A trip to Mewar – Kumbhalgarh and Ranakpur

Day 5, 3rd day of January 2013 started with gunguni dhoop in Udaipur. That day we decided to have punjabi breakfast so aaloo paranthas from Kailash Bhojanalaya was our breakfast in Rajasthan. We were sure that we had to go to Kumbhalgarh that day but what could be other points of excursion to explore was still undecided. I ordered 3 teas and 1 milk for dear Pavani. The person who brought these to our room suggested that we could also explore Ranakpur Jaina temple. So decided, Ranakpur also. After breakfast , we were ready for that days, excursion which came out to be a long day as the day unfolded as Haldighati, Nathdwara and Ekling ji also got added as the day passed by, but how? We,ll come to that later on.

On the way to Kumbhalgarh and the fort.

We had to travel on Jodhpur highway to some extent and then take a turn towards right after some 22 kms of travelling on to a link road to reach Kumbhalgarh. Travelling on highway was mast and the turn on to a link road brought us to the interior part of Rajasthan with the naked beauty of Rajasthan villages of this part in front of us at its best. The road had become single and to some extent it was like a roler coaster ride of low gradient slope(down then up , then down -plain and then down and up, like this. I was enjoying the drive .  What surprised me was very less traffic on this road , I could not fathom the exact reason for that at that time. It could have been that only a few tourists go to Kumbhalgarh or there could have been another way to reach there. What surprised me on the way was the means of transport as local conveyance( JEEPS). Bahut saare log latakte hue…….. On the way to Kumbhalgarh, two big villages or we can say sall towns came( Kelwara and Saayri). It was at Saayari that I got confused to go straight to Kumbhalgarh or to Ranakpur as one board was pointing the direction towards the latter also. So decision left to my better half  and it was decided to proced firstly to Kumbhal garh. From Kelwara it took about 20 minutes to reach the massive fort.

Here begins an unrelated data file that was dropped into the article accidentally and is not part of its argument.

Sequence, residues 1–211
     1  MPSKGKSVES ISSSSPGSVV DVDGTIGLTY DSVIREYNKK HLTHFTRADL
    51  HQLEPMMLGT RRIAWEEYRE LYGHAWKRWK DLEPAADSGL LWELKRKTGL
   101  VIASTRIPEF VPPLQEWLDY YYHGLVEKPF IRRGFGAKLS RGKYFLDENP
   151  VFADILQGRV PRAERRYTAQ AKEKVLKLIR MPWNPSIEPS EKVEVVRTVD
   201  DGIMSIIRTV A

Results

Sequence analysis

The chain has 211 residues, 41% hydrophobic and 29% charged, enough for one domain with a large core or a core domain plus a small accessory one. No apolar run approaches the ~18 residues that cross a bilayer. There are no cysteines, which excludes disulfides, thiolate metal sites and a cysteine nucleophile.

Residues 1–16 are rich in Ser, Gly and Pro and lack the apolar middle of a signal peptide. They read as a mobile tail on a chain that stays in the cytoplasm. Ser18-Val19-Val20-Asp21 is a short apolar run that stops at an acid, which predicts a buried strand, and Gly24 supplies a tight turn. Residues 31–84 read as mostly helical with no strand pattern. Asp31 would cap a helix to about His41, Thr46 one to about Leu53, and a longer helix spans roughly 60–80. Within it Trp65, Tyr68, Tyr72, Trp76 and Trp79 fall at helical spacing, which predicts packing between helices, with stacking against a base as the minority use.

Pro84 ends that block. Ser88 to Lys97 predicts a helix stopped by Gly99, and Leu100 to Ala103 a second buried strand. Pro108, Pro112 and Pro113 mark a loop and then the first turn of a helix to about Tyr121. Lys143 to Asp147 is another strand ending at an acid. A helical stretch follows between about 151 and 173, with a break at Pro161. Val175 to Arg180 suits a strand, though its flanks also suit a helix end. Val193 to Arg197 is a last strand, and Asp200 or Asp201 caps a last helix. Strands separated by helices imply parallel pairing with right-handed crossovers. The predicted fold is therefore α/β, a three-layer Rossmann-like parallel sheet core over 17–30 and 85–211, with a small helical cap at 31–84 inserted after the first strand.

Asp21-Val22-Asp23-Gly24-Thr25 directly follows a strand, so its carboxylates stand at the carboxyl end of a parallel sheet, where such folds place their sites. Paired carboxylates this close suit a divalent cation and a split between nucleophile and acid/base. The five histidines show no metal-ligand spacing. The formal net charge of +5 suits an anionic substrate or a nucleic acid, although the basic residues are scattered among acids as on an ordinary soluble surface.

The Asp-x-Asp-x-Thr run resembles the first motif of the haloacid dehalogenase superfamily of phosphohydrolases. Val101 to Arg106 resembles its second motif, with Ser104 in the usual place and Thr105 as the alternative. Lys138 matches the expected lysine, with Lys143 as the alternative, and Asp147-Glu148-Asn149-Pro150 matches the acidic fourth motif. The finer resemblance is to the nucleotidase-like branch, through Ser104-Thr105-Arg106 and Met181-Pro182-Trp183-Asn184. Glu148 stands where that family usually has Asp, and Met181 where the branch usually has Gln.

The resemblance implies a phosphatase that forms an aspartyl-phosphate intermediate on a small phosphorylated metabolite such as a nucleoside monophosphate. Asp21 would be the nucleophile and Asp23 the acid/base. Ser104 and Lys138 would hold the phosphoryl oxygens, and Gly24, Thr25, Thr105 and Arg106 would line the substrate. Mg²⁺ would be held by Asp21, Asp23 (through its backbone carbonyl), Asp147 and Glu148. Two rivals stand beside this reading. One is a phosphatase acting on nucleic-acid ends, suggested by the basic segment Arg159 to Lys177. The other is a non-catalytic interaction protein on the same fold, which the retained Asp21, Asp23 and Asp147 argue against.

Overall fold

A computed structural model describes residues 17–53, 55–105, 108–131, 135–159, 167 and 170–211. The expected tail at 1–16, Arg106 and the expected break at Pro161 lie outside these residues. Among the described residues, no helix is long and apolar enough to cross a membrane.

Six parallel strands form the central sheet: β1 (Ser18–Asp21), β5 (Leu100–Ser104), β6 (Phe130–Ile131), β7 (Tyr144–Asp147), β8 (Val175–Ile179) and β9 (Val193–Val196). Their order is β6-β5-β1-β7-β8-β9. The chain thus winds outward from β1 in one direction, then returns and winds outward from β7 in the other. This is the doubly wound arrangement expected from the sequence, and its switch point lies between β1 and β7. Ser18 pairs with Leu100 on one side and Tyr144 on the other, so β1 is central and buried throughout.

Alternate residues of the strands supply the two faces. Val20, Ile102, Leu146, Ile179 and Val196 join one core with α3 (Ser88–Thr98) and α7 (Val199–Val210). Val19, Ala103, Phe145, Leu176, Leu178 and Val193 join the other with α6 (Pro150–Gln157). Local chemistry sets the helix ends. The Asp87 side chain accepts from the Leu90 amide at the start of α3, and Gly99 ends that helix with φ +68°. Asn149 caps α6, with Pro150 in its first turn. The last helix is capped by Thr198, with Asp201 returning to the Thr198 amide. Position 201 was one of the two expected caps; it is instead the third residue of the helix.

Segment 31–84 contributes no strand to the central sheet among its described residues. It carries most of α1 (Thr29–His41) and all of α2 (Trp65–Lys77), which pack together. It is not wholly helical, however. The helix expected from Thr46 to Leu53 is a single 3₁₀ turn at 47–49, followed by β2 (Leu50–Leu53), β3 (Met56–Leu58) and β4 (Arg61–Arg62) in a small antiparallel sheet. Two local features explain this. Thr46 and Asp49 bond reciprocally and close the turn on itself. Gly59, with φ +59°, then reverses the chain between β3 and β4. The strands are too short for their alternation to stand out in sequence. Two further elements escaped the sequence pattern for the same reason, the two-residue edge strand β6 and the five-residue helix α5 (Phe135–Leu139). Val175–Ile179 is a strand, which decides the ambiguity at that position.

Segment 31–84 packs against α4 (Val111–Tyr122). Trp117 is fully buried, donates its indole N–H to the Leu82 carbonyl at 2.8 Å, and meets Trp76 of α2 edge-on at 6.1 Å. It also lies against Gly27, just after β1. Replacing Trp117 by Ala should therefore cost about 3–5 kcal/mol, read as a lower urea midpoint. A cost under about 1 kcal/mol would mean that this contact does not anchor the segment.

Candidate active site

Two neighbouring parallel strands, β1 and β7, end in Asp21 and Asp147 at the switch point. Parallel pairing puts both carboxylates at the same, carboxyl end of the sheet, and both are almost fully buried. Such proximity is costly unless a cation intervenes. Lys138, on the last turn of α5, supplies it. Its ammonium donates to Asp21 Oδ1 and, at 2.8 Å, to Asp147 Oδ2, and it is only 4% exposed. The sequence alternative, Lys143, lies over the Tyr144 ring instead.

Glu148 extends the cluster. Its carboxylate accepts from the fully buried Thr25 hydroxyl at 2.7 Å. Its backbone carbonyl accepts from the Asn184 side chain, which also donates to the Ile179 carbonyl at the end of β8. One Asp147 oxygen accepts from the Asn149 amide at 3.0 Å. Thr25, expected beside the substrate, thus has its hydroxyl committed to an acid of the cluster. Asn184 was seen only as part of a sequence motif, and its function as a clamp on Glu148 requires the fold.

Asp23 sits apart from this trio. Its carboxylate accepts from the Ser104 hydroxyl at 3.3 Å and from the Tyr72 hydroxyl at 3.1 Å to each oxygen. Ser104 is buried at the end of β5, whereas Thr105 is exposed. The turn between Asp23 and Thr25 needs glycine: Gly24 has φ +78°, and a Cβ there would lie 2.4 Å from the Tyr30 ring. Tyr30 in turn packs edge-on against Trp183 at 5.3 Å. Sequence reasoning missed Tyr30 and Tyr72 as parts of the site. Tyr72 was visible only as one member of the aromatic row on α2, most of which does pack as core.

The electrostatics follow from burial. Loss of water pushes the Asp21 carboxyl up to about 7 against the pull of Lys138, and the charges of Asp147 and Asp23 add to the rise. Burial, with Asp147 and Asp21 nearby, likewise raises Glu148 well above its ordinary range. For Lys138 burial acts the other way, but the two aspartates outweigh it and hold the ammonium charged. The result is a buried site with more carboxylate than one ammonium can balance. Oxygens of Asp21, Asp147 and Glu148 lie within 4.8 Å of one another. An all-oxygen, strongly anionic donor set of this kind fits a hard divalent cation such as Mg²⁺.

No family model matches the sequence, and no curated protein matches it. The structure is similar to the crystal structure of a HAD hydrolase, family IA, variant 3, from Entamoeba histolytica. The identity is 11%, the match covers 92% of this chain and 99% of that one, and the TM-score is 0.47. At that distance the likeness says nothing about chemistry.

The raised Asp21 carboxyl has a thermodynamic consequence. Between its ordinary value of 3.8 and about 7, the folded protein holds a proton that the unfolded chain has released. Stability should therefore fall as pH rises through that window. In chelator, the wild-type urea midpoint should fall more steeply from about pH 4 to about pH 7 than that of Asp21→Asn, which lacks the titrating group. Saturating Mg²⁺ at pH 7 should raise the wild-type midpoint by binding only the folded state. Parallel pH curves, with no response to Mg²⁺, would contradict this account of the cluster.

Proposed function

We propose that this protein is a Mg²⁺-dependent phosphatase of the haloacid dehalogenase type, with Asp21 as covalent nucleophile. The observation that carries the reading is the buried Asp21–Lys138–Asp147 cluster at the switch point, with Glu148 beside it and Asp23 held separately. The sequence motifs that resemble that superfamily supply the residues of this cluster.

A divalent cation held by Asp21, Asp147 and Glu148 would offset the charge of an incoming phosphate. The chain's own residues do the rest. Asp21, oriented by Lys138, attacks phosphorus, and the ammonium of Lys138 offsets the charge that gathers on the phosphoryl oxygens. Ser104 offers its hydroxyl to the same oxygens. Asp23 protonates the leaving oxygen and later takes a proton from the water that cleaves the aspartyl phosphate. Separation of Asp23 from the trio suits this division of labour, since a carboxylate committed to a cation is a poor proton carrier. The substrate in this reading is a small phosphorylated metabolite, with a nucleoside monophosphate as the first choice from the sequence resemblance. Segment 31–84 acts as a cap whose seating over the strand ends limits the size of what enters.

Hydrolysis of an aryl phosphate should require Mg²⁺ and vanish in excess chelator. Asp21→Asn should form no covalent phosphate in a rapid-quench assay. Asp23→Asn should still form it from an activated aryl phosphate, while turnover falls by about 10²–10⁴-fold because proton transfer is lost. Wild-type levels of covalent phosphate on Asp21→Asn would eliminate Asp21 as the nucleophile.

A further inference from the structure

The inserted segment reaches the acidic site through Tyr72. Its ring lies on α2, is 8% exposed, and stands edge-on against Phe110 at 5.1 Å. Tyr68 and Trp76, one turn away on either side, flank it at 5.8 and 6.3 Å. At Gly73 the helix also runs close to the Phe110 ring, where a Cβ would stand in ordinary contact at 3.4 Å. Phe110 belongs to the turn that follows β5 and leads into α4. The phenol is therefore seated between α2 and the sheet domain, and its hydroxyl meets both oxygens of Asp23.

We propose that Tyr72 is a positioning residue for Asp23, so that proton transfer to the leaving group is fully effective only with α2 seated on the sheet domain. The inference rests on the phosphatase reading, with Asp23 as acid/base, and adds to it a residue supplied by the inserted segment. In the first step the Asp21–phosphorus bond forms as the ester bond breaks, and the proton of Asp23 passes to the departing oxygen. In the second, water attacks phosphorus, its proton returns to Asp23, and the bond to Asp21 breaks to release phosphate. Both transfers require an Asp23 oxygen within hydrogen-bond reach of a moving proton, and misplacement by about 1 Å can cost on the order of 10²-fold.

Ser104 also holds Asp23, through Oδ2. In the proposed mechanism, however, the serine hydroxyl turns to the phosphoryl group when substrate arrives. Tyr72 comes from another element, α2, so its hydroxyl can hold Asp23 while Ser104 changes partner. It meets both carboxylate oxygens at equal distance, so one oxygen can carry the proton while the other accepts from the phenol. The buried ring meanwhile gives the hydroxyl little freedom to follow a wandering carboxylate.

As per historical tradition , the fort is about 36 km area wise and boasted of many buildings inside the complex.

On the way to Kumbhalgarh

On the way to Kumbhalgarh

Now it was for us to observe these as first hand experience. The complex is under Arheological survey of India as a heritage building. What surprised me again here was the number of our guests from foreign countries. Sirf wahi dikhai de rahe the aur hamare Bharatiya Bandhu bahut kam. (We have to pnder about it). So there started our uphill journey in the fort complex.

A small lake on the way to kumbhalgarh

A small lake on the way to kumbhalgarh

I thought Pavani woul;d not be able to cover it apne aap but she was more than happy to do that. Weather was excellent( KHILI dHOOP).

The massive fort

The massive fort

Firstly we entered a courtyard after climbing 2-3 rounds of zig-zag way. There was a statue under a tree may be Isht Devata of the area. Most important enclosure in the complex historically was the birth place of Maharana Pratap( my viewpoint).

View from the top of Kumbhalgarh

View from the top of Kumbhalgarh

Birth place of Maharana Pratap

Birth place of Maharana Pratap

I guess very few salutations had been done at this place wwhich lie in the wilderness far away from the madding crowd and urban jungles. There was born the man who could hold its own for 21 years against the mughal emperor Akbar. In the fort complex only we saw about 20-30 huts indicating human habitat there

History of Kumbhalgarh - As on a Stone Pillar

History of Kumbhalgarh – As on a Stone Pillar

And also a board indicating towards Kumbhalgarh sanctuary . The view from top of the fort wall was awesome with large forest tract visible around the fort. It seemed at Kumbhalgarh as we had lost contact with the world( Sirf hum, kuchh aur log, khandhar aur jungle). We spent about 2 hours there and proceeded towards Ranakpur. I had seen a signboard just before reaching the fort pointing towards the road to Ranakpur.


The drive looked like very good till I encountered a steep slope drrive as in hills. Though I had driven the car a few times in hilly area but God knows what happened I just lost the confidence here when I saw that it was down and down and down. Oh God what to do now. I was trembling with fear and had put my car on to first gear . My wife and Bhakti just motivated me to carry on slowwly and remember our sojourn in the hills. I saw  Mahindra scorpio coming uphill. I just stopped him and asked him about how long it would continue like this. It was about 5 kms like this, according to him. and the situation became hilarious when he also asked how it would be like this uphill .